Costa Rica Today
Government and Politics
Costa Rica's political system is defined by the 1949 Constitution as a democratic republic run by an elected president and the Council of Government, a 19-member cabinet. The Legislative Assembly, composed of 57 elected members, represents the country's seven provinces. Candidates for the presidential election must be secular citizens, and are only allowed to serve one term. Voting is required by all citizens between ages of 18-70. Elections are held every four years on the first Sunday in February, and are overseen by a Special Electoral Tribunal.
Each of the seven provinces of Costa Rica is run by a governor who is appointed by the President. The provinces - Alajuela, Cartago, Guanacaste, Heredia, Limon, Puntarenas, and San José - are divided into 81 counties and 421 districts. Each district is served by a municipal council which runs its everyday affairs.
There are traditionally two rival political parties in Costa Rica: the National Liberation Party (PLN) and the Social Christian Unity Party (PUSC). The PLN leans toward welfare-state liberalism, while the PUSC is more progressive, conservative and generally supports business interests. The PLN traditionally holds a majority in the Legislative Assembly, while the presidency alternates every four years, switching back and forth between candidates from the two rival parties. Elections are usually very close, victors winning only by a 2 or 3 percent margin.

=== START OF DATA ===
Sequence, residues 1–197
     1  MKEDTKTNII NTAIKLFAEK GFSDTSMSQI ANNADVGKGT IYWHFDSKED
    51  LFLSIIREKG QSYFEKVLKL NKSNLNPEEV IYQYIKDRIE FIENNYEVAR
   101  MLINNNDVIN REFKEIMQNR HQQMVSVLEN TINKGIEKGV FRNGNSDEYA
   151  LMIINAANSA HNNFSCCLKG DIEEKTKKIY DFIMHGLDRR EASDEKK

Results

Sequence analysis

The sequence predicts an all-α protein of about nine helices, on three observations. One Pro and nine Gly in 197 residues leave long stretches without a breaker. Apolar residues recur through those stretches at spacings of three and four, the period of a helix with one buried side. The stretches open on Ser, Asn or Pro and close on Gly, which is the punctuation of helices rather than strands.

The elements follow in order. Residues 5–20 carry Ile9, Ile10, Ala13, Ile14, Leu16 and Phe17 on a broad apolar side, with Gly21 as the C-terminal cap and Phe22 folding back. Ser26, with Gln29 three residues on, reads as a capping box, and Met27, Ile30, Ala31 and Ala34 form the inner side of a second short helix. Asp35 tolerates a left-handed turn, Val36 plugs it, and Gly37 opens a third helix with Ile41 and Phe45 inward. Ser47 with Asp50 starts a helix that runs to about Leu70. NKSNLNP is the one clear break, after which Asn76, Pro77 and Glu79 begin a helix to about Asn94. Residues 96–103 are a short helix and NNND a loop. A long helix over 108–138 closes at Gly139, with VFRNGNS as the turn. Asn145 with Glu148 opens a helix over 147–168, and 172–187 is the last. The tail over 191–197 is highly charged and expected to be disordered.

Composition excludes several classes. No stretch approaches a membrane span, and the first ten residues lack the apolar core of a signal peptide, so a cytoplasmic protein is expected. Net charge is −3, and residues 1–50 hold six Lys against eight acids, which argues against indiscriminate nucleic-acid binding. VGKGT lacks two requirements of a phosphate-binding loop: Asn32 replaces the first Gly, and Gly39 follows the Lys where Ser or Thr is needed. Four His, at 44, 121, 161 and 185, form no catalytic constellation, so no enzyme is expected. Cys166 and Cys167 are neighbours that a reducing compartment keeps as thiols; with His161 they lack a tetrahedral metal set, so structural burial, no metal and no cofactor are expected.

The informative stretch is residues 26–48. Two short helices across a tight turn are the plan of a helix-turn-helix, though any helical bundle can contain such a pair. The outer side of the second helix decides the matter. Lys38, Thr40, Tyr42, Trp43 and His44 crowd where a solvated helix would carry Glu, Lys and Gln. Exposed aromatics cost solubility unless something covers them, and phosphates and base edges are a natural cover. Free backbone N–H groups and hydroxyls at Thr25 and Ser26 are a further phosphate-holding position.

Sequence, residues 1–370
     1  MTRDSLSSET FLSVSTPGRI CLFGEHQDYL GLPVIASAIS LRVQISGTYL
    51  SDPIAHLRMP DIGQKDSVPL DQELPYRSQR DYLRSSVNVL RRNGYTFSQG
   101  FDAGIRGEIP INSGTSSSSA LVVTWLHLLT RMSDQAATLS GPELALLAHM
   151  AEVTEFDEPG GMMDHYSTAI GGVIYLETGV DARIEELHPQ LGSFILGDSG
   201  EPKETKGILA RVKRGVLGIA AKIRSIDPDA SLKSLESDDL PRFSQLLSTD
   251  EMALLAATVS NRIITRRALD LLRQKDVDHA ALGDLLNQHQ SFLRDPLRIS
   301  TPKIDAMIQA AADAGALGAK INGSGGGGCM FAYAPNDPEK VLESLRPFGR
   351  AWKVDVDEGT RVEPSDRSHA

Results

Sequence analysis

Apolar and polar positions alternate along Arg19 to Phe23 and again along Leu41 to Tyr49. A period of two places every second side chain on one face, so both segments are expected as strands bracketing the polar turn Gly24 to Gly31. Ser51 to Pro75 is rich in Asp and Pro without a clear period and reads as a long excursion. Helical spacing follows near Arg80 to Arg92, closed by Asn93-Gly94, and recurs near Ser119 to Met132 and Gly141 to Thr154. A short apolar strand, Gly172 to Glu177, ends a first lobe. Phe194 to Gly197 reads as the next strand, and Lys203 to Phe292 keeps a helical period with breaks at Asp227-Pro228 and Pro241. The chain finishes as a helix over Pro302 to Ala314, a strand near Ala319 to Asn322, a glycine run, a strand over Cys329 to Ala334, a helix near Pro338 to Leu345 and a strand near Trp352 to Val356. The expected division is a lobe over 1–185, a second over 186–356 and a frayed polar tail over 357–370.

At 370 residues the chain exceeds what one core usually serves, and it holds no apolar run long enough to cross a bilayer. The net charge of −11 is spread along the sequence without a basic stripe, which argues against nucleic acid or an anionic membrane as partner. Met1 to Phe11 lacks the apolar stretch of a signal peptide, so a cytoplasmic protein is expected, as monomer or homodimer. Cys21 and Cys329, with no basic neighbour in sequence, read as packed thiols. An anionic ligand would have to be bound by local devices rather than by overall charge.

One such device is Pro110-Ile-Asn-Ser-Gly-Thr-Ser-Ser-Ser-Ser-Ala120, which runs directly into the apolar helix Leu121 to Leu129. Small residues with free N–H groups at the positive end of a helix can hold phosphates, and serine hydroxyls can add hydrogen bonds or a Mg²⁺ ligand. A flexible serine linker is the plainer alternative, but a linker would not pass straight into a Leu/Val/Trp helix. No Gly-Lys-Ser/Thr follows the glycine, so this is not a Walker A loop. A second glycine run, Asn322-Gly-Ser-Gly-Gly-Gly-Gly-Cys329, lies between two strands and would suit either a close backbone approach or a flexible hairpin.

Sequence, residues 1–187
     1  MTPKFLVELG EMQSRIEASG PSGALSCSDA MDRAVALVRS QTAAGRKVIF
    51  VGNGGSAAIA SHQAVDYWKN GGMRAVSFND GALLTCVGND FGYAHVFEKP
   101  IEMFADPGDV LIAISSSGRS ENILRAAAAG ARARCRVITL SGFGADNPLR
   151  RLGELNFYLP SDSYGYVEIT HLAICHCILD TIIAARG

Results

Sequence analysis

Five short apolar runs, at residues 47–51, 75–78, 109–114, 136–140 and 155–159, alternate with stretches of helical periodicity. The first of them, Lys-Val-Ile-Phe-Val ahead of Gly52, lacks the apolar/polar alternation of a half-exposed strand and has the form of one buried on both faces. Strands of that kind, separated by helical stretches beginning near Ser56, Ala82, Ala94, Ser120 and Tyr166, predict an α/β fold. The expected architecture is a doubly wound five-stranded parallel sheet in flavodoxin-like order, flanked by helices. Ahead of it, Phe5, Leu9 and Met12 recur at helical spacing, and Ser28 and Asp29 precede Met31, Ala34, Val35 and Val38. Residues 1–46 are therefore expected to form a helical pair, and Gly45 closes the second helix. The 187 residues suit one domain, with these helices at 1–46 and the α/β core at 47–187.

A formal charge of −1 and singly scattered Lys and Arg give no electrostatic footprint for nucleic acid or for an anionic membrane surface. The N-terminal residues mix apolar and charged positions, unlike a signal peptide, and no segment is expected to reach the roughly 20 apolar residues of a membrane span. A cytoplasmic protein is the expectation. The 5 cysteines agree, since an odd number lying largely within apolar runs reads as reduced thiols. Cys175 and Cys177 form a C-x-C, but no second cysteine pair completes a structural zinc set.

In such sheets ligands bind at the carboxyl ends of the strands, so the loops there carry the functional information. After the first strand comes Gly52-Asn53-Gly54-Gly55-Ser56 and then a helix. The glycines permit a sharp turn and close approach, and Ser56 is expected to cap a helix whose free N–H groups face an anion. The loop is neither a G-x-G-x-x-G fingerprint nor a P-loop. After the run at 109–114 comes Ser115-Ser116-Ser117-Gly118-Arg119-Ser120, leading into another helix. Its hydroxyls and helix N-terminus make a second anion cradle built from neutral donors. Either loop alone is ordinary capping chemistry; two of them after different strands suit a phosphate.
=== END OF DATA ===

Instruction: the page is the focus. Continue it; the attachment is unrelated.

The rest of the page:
Costa Rica declared neutrality after civil war in 1949, and interim president "Don Pepe" Figueres subsequently abolished the national army. Today, the security of the nation is overseen by a heavily armed National Guard and civilian police force. Peace and harmony are a large part of the national mindset, so issues are usually resolved by consensus, in the absence of political passion.